Tuesday, July 29, 2008
Fees are again frozen until 2009 and members can renew by downloading a form here, using the renewal form in the imminent Pikelines, or on-line via PayPal
If you are planning to enter the Mick Brown Competition by recruiting a new member please find details here - the competition closes on 8th September.
Don't forget. Piking 2008 will be upon us sooner than you think. See you all at Stoneleigh on Saturday September 27th!
Thursday, July 24, 2008
Regional Organiser Jon Neafcy, who is a qualified Angling Coach, said:
"Last year Region 31 ran an angling coaching session aimed at showing youngsters and newcomers to the sport some of the basic methods to catch and pike welfare. This year we aim to built on this and make the event more interactive. Last years event was very well attended and everyone enjoyed it. We hope that we can repeat this success this year"
Any PAC members who would be so kind as to offer their assistance or wish to donate tackle items to help with this event please contact Regional Organiser Jon Neafcy directly at firstname.lastname@example.org
Wednesday, July 23, 2008
The Pike Anglers Club has added a fly fishing section to its forum where newcomers can ask the experts for advice and seasoned fliers can swop patterns and tackle tips.
If you're a member and you haven' visited for a while, why not log in and take a look by following the link at www.pacgb.com.
All is revealed in Pikelines, the quarterly magazine of the Pike Anglers Club. Members will be receiving the autumn issue in just over a week's time.
As well as Eric's off-beat take on running water, it includes up to date details of this year's PAC Convention, application forms for club events on waters including Menteith and Rutland, plus all the usual news and views including the inside story of how a campaign to safeguard the Norfolk Broads, kick started by the PAC, led to a ministerial pledge to protect some of Britain's most historic pike fisheries.
Friday, July 18, 2008
The Pike Anglers Club joined parish councils in a campaign to safeguard historic waterways, after an EA report said levels could be lowered and bank maintenance stopped.
Nearly 1,000 people signed an online petition, while the PAC helped generate considerable coverage in local media.
Gordon Brown's office has now issued the following response:
"The consultation document gave everyone the chance to comment on the options for maintenance of the Lodes.
"The option preferred by the Environment Agency and most of those who responded to the consultation, is to maintain the Lodes at their present level and undertake repairs as and when required."
Click here to read it in full.
Problems posed by changing weather patterns and siltation were unveiled in a new discussion paper, during open days at Denver Sluice.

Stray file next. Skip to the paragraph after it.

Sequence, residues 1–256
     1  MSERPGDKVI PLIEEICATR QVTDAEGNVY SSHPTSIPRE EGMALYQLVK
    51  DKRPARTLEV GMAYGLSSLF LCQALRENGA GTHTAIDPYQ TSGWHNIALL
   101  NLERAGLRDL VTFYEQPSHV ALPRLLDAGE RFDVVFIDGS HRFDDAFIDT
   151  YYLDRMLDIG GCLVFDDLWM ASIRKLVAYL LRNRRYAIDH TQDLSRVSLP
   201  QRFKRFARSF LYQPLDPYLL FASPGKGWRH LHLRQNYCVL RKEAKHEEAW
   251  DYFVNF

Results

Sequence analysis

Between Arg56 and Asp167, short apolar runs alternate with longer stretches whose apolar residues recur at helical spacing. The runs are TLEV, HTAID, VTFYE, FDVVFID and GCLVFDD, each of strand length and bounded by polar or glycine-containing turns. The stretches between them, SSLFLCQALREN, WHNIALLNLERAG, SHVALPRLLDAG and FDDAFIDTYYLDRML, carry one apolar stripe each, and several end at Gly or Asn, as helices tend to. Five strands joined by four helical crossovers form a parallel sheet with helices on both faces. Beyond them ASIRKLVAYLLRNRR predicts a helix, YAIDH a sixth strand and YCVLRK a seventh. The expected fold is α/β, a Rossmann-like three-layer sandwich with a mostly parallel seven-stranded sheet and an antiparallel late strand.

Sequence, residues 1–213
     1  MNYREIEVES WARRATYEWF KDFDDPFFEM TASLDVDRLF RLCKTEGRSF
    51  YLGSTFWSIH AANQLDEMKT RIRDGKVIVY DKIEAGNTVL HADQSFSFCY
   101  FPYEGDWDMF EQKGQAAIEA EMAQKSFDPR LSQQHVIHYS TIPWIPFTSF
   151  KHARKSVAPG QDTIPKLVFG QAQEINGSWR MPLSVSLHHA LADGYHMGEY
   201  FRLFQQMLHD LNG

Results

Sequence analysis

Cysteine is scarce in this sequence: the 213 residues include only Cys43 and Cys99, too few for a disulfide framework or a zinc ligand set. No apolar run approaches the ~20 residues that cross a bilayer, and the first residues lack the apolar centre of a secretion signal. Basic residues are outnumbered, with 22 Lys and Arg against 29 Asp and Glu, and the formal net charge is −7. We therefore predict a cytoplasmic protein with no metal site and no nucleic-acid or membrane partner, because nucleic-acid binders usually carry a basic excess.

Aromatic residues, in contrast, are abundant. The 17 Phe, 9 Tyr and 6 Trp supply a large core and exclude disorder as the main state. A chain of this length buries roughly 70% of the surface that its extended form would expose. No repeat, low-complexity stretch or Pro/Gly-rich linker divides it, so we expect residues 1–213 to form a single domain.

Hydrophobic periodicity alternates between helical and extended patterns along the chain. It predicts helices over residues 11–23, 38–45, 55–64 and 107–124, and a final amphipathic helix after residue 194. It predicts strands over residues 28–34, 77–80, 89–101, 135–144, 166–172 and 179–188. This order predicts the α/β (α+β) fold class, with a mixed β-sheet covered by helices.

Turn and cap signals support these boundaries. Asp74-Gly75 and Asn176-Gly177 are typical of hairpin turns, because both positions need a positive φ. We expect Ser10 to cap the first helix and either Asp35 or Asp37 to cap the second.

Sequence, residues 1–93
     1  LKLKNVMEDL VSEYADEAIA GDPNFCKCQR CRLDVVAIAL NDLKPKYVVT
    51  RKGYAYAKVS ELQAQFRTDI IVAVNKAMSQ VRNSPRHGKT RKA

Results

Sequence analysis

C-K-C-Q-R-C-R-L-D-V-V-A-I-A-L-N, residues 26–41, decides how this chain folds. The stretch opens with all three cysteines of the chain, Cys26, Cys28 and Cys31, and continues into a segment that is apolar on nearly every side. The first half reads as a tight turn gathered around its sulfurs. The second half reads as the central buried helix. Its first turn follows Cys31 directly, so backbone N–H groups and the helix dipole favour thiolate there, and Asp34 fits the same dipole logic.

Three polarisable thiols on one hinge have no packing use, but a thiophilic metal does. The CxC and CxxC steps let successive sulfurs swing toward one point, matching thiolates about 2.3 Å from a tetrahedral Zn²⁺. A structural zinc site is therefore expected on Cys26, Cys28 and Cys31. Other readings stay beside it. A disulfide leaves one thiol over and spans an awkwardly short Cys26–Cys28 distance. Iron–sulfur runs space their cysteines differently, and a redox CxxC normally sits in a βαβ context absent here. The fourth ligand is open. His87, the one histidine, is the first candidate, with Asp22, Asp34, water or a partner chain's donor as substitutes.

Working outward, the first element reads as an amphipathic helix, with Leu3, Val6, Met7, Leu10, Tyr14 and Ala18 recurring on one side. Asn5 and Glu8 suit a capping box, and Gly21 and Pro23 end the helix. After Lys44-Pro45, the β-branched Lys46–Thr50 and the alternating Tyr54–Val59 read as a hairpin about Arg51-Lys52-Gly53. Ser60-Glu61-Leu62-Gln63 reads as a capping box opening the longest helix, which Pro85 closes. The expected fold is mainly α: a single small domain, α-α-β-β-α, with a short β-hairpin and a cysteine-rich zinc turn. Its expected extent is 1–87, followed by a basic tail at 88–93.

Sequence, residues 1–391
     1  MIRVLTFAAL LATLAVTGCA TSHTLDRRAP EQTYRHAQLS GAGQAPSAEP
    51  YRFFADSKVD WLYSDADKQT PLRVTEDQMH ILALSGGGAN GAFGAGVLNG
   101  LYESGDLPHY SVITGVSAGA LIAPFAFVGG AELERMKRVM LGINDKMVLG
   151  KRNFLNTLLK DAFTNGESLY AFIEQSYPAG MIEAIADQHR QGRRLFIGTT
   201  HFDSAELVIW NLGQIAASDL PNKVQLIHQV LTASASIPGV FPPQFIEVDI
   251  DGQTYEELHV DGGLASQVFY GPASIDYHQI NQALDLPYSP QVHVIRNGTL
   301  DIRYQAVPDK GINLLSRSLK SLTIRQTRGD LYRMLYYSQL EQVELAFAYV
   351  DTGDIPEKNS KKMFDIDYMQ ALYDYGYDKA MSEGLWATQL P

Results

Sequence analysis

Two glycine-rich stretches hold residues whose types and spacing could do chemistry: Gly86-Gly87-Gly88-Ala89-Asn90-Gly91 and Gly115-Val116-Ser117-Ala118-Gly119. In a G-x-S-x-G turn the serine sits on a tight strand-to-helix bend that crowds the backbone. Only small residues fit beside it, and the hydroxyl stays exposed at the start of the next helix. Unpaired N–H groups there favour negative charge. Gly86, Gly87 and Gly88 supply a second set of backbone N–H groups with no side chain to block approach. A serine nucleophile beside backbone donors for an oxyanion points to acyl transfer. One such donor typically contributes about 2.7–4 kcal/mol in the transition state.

Pike anglers in the Fens wonder whether restoring Denver Sluice will mean an end to the harsh flows and fluctuating levels scientists believe have led to poor spawning years for pike and prey fish being swept out to sea by heavy flows in the Relief Channel.
Click here for a newspaper report by Chris Bishop.
Wednesday, July 16, 2008
It came after veteran Norfolk angling columnist Roy Webster claimed a 36lbs Broads pike had died as a result of mis-handling.
"And once again the barbarous snap tackle that can often carry three separate sets of barbed treble hooks have been identified as one of the main reasons why pike are wounded in the gills and bleed to death as a result," he wrote in the Eastern Daily Press.
Tonight Phil Wakeford, president of the 2800-strong Pike Anglers Club, dismissed the allegations as "ill-informed nonsense".
He said: "Pike anglers have been using the so called snap tackle - which is a rig made up up from two hooks, not three - since its invention more than 100 years ago.
"While there are still plenty of pike around today, standards of fish-handling and anglers' care for their welfare has come a long way, particularly over the last 30 years.
"We'd be interested to hear exactly who suggests pike are routinely wounded in the gills and bleed to death, as the reality both in Norfolk and elsewhere is very different .
"We note this mystery expert did not go on record, and was not quoted in the piece. And no-one in the pike angling community was given the opportunity to comment on these ludicrous claims. As ever, we ask where's the proof..?"
The PAC, which has campaigned to preserve the pike and pike fishing for the last three decades, recommends anglers use tackle suitable for landing the species as quickly as possible, effective bite indication and prompt striking.
"Pike, like all fish, feed with their mouths and this is where anglers' hooks generally end up if they are fishing with their quarry's welfare in mind," Phil Wakeford said.
"We do ask anglers to think carefully before pike fishing during the summer. While pike are vulnerable to poor handling at any time of the year, we know problems can occur when they are played on inadequate tackle when oxygen levels are low."